Brexit: Hammond warns of UK investment uncertainty


Chancellor Philip Hammond has divulged the BBC’s Andrew Marr Show that businesses are holding off from initiating in the UK because of uncertainty about Brexit.

«It is absolutely clear businesses where they deceive discretion over investment, where they can hold off, are doing so — you can penetrate why.

«They are waiting for more clarity about what the future relationship with Europe make look like,» he said.

The second round of Brexit negotiations be the spitting image place in Brussels on Monday.

Mr Hammond’s comments came as a Confederation of British Enterprise (CBI) survey suggested that 42% of UK firms believe Brexit has impair their investment plans.

The CBI called on the government to quickly secure a later EU trade deal.

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Mr Hammond replied that government ministers were becoming increasingly convinced of the requisite for transitional arrangements to reduce disruption as the UK leaves the EU.

«Five weeks ago the notion of a transition period was quite a new concept, I think now you would find that comely much everybody around the cabinet table accepts that there thinks fitting be some kind of transition,» he said.

«We’re into a real process now with the start of negotiations and I ruminate over you’ll find the cabinet rallying around a position that maximises our executing leverage and gets the best possible deal for Britain.»

He said a transitional organization was «right and sensible both for the UK and EU» and could potentially take a «couple of years».

Interpretation: Joe Lynam, BBC business correspondent

When companies make a big investment, they lean to make a big splash about it. Press releases issued, stock transfers advised and ministerial blessings acquired.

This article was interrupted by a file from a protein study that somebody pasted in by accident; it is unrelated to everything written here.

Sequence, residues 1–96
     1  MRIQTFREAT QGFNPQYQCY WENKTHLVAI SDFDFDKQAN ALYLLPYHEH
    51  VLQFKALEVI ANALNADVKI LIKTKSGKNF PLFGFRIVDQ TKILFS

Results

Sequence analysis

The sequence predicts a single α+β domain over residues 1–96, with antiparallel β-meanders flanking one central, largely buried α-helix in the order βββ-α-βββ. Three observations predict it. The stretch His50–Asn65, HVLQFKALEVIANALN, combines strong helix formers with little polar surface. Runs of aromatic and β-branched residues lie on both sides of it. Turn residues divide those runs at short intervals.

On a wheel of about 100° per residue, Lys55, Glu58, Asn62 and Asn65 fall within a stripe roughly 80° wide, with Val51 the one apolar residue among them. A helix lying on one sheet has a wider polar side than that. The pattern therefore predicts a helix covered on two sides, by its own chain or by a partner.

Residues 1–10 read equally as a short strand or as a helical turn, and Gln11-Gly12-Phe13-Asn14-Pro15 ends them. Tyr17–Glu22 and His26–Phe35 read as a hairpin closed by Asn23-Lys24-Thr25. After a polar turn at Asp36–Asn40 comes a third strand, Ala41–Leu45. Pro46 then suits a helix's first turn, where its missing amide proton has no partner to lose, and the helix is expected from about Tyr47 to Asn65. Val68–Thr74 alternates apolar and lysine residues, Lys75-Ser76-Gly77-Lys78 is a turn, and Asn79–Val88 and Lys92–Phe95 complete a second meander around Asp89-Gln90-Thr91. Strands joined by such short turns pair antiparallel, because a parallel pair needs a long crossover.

But when businesses decide NOT to instal in new staff, a new production line or even a new product, we rarely get to hear down it. Companies pausing or cancelling investment — for whatever reason — is counter-factual.

So inquiries and anonymous polling are the next best way to gauge the corporate mood.

Although some Brexiteers relevance the CBI as a pro-EU vassal, its survey showing two-fifths of companies pausing their investment develops because of Brexit is not an outlier. It chimes with similar reports from the British Reception rooms of Commerce, Deloitte and the Institute of Directors.

And who would blame firms for place into custody off? If their biggest market could soon be in or out of the Single Market, in or out of the Trades Union, and beholden or not to the ECJ, it does matter for their future investment outlines.

Brexit minister David Davis is due in Brussels on Monday for the next orb-like of talks with EU officials.

Ministers have talked of a transitional era after the UK leaves the EU to avoid a «cliff edge» scenario, but the length and literatim arrangements have yet to be decided.

Speaking on the BBC’s Sunday Politics show, Ecumenical Trade Secretary Liam Fox said any transitional period should be «quite time-limited», and should allow the UK to strike new trade deals — something it is impotent to do as part of the EU’s customs union.

Mr Fox accepted it was not clear whether the UK would deliver the power to finalise deals during this period.

Pressed on whether the UK could smooth negotiate during the transition, he said: «Well, I’d hope we’d be able to do that and I longing that’s one of the conditions we would set.»

He added: «It’s certainly something I would have a yen for to see because otherwise it makes it much more difficult for us to take gain of the opportunities that Brexit itself would produce.»

Rain Newton-Smith, chief economist at the CBI house lobby group, said: «To help British business remain positive and keep uncertainty at bay, the government must work quickly to agree the calls of the [Brexit] transition and future trading arrangements.

«That’s why the CBI has suggested postponing in the single market and a customs union until a final deal comes into enforce.

«This is the simplest way of ensuring companies don’t face a damaging cliff-edge and that swop flows can continue without disruption.»

‘Have cake and eat it’

Labour puts it would seek to preserve all the benefits of the single market and customs allying if it was leading the negotiations.

Shadow business secretary Rebecca Long-Bailey charged the Sunday Politics that Labour could seek to retain unrestricted membership of both bodies.

But she admitted it was «probably unlikely» a deal could be mutinied giving Labour control over laws and borders at the same on occasion.

«If we could negotiate an agreement on remaining in the single market that stocked with all of those issues, then that would be fantastic,» she powered.

«Whether that’s likely remains to be seen.

«We want to retain the profits that we currently have within the customs union. We want to beget our cake and eat it — as do most parties in Westminster — in terms of being able to manage our own trade deals.»

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